Shop the sales and stock up when you can! :)

Udi bread in my opinion is a must. It's good and quick and easy. By the time you buy all of the stuff to make Gluten-Free bread, you have spent more than the Udi's and it doesnt taste as good.

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Have you checked asian markets and international aisles of regular grocers for things like rice flour, sweet rice flour, tapioca starch and potato starch? They often sell for less than $1 per bag in our area.

We also buy our rice at the asian market in 20 lb. bags. Over 10 years ago we invested in a good rice cooker and it is still going strong!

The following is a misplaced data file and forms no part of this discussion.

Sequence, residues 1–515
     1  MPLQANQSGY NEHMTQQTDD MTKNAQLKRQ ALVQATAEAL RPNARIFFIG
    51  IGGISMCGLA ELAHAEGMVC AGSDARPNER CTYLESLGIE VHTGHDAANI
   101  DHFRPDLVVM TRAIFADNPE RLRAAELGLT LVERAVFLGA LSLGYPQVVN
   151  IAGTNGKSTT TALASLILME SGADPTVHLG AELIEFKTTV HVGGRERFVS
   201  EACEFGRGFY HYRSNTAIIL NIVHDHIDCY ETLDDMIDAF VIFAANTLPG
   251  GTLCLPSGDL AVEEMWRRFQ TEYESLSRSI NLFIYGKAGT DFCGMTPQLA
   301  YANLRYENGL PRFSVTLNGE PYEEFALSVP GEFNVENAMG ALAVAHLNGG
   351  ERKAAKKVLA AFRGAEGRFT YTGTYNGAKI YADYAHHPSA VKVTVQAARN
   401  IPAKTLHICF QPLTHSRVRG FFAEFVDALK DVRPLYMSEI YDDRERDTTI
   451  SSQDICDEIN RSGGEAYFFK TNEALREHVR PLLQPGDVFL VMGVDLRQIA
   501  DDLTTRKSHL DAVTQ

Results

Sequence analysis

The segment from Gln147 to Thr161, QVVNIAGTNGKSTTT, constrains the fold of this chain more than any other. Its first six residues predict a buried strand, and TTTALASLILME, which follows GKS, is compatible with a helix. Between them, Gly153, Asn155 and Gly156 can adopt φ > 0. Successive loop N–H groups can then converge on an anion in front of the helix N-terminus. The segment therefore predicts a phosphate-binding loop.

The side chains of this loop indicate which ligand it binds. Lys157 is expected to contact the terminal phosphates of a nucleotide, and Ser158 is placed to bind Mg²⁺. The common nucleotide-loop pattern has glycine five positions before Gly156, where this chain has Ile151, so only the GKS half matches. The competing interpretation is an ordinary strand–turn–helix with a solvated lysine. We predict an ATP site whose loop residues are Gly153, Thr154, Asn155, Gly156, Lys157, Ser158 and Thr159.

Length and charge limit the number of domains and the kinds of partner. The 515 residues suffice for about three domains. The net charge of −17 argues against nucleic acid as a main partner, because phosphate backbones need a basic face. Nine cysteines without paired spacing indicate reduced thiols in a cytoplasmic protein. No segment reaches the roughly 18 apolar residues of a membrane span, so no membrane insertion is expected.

Buy popcorn in bulk and a cheap air popper and you've got a cheap and easy snack.


Me: GLUTEN-FREE 7/06, multiple food allergies, T2 DIABETES DX 8/08, LADA-Latent Autoimmune Diabetes in Adults, Who knew food allergies could trigger an autoimmune attack on the pancreas?! 1/11 Re-DX T1 DM, pos. DQ2 Celiac gene test 9/11

Son: ADHD '06,

neg. CELIAC PANEL 5/07

ALLERGY: "positive" blood and skin tests to wheat, which triggers his eczema '08

ENTEROLAB testing: elevated Fecal Anti-tissue Transglutaminase IgA Dec. '08

Gluten-free-Feb. '09

other food allergies

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The fresh and fruits and veggies can really add up. I am not a big fan of canned veggies we do a lot of frozen, especially in the winter months when nothing is in season. Strawberries off season can cost a small fortune here.

We've just learned to live without the bread. It's not that great anyway and weren't eating a lot to begin with.